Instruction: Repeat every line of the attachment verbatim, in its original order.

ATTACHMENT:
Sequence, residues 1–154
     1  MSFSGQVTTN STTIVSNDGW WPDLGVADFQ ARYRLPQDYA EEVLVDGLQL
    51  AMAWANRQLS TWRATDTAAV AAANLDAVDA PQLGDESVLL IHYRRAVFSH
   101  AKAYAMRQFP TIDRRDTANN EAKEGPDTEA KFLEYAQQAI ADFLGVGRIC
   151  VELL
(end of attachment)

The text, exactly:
Sequence, residues 1–154
     1  MSFSGQVTTN STTIVSNDGW WPDLGVADFQ ARYRLPQDYA EEVLVDGLQL
    51  AMAWANRQLS TWRATDTAAV AAANLDAVDA PQLGDESVLL IHYRRAVFSH
   101  AKAYAMRQFP TIDRRDTANN EAKEGPDTEA KFLEYAQQAI ADFLGVGRIC
   151  VELL